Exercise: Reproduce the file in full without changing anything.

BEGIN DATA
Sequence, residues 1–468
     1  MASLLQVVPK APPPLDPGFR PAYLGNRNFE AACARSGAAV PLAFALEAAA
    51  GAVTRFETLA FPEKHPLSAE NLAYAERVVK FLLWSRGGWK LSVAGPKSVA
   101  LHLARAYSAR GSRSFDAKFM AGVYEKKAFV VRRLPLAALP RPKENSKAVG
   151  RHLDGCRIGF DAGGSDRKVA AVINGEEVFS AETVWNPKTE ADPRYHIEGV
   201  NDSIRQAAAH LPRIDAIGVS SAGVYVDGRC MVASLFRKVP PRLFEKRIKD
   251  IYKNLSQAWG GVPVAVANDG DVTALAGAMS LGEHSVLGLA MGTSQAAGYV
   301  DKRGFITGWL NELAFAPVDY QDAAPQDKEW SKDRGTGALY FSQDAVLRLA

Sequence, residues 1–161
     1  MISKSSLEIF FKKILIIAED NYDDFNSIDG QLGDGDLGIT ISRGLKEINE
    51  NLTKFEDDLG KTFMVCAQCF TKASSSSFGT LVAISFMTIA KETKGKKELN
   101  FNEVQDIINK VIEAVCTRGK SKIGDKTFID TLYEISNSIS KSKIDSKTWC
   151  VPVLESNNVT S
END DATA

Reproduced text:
Sequence, residues 1–468
     1  MASLLQVVPK APPPLDPGFR PAYLGNRNFE AACARSGAAV PLAFALEAAA
    51  GAVTRFETLA FPEKHPLSAE NLAYAERVVK FLLWSRGGWK LSVAGPKSVA
   101  LHLARAYSAR GSRSFDAKFM AGVYEKKAFV VRRLPLAALP RPKENSKAVG
   151  RHLDGCRIGF DAGGSDRKVA AVINGEEVFS AETVWNPKTE ADPRYHIEGV
   201  NDSIRQAAAH LPRIDAIGVS SAGVYVDGRC MVASLFRKVP PRLFEKRIKD
   251  IYKNLSQAWG GVPVAVANDG DVTALAGAMS LGEHSVLGLA MGTSQAAGYV
   301  DKRGFITGWL NELAFAPVDY QDAAPQDKEW SKDRGTGALY FSQDAVLRLA

Sequence, residues 1–161
     1  MISKSSLEIF FKKILIIAED NYDDFNSIDG QLGDGDLGIT ISRGLKEINE
    51  NLTKFEDDLG KTFMVCAQCF TKASSSSFGT LVAISFMTIA KETKGKKELN
   101  FNEVQDIINK VIEAVCTRGK SKIGDKTFID TLYEISNSIS KSKIDSKTWC
   151  VPVLESNNVT S